Anka: I think it’s more difficult for the movies to find their audience. There’s so much material out there. A friend of mine the other day suggested this show that they’ve been enjoying, and it’s already in its sixth season. And I’ve never even heard of it. There’s a lot of stuff out there, but likewise, there’s a lot of people out there. I think that “Pretty Little Liars” found its audience, but “I Know What You Did Last Summer” never really found its audience.

I don’t know that “The Listener” will necessarily find an audience in the United States. I think that it would find an audience in Eastern Europe. I told Steve that for me, “The Listener” is very much a film in the tradition of Kieślowski. It’s a film about nothing and everything, and how mundane everyday life can be – except that it’s set in Los Angeles, which is what also makes it interesting for me.

Kirill: If I asked you to make an argument on why people should watch it in a movie theater, what would you say about that experience?

Anka: I would say that it’s a movie that is in its greatest form on a big screen. It’s not heavily driven by a plot. It’s not so much about plot, but rather about feeling. When you go into a theater, and the lights turn off, and you’re in front of a 20-foot screen, you can actually have the attention span to allow the pictures and the silence to take you to places within your heart where you can touch on different feelings.

That’s what I really experienced when I got to see “The Listener” at the Venice Film Festival. The film has these fantastic moments of breathing room where there is no dialogue, where there’s just the mundanity of a woman going through her work day, taking a break, rubbing you forehead. It’s in these moments where we are not receiving new information, where we can process the information or the narrative arc of this particular film, which touches on a lot of difficult subjects.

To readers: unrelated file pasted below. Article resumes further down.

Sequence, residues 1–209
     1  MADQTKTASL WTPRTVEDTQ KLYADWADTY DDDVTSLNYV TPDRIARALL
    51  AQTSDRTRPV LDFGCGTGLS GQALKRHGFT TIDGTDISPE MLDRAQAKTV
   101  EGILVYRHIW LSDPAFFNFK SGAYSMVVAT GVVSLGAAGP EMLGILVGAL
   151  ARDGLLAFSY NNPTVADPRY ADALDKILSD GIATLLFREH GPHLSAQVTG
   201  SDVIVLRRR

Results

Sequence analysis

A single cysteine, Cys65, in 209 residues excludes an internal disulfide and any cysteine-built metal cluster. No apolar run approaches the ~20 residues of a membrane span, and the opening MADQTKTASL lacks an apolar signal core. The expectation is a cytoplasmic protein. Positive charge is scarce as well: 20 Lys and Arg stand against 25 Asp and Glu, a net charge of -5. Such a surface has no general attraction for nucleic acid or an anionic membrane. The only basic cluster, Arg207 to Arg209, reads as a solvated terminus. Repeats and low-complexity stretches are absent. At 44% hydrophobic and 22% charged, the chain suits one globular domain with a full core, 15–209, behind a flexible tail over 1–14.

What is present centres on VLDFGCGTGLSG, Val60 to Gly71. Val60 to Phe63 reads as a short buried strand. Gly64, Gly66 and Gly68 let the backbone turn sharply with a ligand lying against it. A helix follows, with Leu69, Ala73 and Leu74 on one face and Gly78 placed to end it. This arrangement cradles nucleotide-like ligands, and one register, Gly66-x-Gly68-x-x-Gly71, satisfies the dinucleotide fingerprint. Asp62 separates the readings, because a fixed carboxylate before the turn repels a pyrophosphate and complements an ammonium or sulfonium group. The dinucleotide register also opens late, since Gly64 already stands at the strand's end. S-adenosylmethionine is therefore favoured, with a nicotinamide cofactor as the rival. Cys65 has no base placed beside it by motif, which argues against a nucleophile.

When you see it on the big screen, it’s emotionally cathartic, and it allows you to access and purge some of the pain and claustrophobic feelings that we have all been faced with over the two years of the pandemic. “The Listener” is very much about the uncertainties, the claustrophobia, the difficulties of life, and that’s what it was for me in its quiet moments. When I saw it on a big screen, I forgot about making it and I cried, and I felt like I released so many feelings that I’ve been holding back that aren’t about one particular thing, but about all of the difficult things that we have been bombarded with for the past two years.

At home during those quiet moments you’re going to go to the bathroom and you’re going to miss it, and you’re not going to feel anything, and then you’re going to say that you didn’t get it.

Cinematography of “The Listener” by Anka Malatynska.

Kirill: Are you going to be reading critical reviews, reviews or reactions on Twitter and elsewhere? Does it get frustrating to read ten positive reviews and one negative, and that negative is the one that sticks with you?

Anka: I feel like the reviews on this film have been so respectful. They’re not bad, they’re not good, but rather respectful of it being a film that stands on its own.

But I don’t think the reviews dictate what a movie is. Sometimes movies are just reviewed poorly, and particularly recently with “Don’t Worry Darling” by Olivia Wilde. I’m a fan of her work, I’m a fan of her as a human being. She triggers a lot of people because she’s a smart, independent woman living however she wants. That movie got clobbered at Venice, and I feel it’s because it shows female pleasure from a woman’s perspective. It is so well made, so beautifully shot, with such a poignant story, so why is it getting clobbered while something else that didn’t do anything for me gets applauded?